I Don't Remember

I don't know how far back my memory can be trusted. I have a hard time remembering things before a certain point and I've always felt weird about that. It's been many years now, but my friend recently filled in certain parts of it for me. It wasn't easy to get him to talk about it, but over the years he had been building up a number of his own questions.

I'm not certain how to explain things to you-- well, at least not in any way that makes sense. I'll just go ahead and tell what I've pieced together.

A little bit after I turned eight years old, I was to attend a summer camp at Riva Lake. I had heard about it at school, and, right away, I begged my parents to let me go. I had never been around a lake, but back then my parents believed that I was more at home outside than inside. It certainly didn't take much whining to talk them into it. My best friend also got permission to go, but he couldn't be there for the first two days because he visited his father on the weekends.

Facing camp alone began to scare me, and my parents say that I was fairly frustrating those days before camp started. I repeatedly went back and forth-- deciding each day to stay home or go (whichever was contrary to my previous decision). As the day approached, though, my excitement and love of nature managed to overtake that fear of the unknown. I was on my way to summer camp.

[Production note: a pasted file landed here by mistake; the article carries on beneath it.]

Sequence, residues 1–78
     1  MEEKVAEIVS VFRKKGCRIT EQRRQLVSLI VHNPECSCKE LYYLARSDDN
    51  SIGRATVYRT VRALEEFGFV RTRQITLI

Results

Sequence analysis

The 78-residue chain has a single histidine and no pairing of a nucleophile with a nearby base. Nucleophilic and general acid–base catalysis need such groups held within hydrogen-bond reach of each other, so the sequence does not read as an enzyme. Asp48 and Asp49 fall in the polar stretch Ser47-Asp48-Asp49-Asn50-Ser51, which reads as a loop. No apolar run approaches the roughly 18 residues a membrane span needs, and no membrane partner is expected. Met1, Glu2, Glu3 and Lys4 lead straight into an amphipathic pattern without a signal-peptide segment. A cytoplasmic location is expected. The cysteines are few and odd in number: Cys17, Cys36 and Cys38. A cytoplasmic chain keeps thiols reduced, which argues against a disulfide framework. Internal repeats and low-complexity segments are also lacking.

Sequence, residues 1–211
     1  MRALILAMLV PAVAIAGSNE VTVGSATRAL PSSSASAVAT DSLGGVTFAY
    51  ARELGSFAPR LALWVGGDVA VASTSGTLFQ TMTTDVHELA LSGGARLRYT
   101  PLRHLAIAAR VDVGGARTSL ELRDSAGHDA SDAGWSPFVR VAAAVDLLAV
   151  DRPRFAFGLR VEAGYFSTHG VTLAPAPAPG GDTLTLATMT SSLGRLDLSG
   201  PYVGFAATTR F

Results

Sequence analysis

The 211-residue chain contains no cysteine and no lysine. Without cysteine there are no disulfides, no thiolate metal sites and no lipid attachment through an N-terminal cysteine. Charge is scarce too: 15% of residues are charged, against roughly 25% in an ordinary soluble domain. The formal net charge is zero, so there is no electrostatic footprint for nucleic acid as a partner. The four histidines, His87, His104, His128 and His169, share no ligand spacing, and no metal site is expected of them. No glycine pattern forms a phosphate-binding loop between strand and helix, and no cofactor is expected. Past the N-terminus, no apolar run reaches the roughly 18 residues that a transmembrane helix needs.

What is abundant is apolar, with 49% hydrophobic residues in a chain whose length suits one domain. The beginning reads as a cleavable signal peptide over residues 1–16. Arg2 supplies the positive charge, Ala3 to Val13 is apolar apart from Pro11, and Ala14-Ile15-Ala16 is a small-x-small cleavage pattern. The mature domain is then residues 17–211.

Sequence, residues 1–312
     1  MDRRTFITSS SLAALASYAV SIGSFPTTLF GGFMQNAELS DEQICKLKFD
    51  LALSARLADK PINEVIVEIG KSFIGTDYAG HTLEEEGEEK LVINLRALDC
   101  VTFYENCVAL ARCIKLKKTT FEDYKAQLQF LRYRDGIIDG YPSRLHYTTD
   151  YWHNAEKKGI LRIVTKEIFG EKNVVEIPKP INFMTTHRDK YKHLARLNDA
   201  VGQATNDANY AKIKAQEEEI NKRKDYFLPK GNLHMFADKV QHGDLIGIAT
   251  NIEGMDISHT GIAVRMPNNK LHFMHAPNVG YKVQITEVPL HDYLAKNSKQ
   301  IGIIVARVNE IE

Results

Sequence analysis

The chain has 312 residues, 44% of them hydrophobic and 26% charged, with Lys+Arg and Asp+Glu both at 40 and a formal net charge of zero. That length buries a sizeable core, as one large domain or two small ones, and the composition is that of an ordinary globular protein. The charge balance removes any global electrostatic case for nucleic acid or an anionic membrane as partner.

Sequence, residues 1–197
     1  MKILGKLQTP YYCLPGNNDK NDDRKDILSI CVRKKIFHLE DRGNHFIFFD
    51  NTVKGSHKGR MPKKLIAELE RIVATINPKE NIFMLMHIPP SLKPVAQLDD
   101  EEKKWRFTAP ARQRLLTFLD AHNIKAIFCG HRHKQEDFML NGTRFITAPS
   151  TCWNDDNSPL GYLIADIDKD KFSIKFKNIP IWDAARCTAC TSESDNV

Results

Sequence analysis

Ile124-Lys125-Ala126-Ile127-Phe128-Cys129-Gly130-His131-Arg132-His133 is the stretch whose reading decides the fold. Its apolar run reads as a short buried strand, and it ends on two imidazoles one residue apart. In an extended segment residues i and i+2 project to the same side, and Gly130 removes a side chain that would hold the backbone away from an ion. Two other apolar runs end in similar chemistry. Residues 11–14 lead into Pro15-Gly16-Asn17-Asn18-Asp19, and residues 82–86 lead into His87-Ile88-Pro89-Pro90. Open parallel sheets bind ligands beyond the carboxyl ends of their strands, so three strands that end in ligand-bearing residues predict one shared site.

My parents drove me across the state and left me there (surely with a great sense of relief). I remember almost nothing of the first few days. I know I must have loved the canoes (which we were shown on Sunday) because my friend said I couldn't stop talking about them. He had grown up on a lake, and we talked of trying our hand together at the canoe races later on. He offered a number of canoeing tips while we tried to feign paying attention to the Monday craft talks.

Tuesday morning marked the day of our first real hike. Our cabin group was to tackle some of the kid trails, but our counselor encouraged us try a grown-up one. This path was longer than some of the others, but the kids were so excited that the group voted unanimously to stay out until dinner.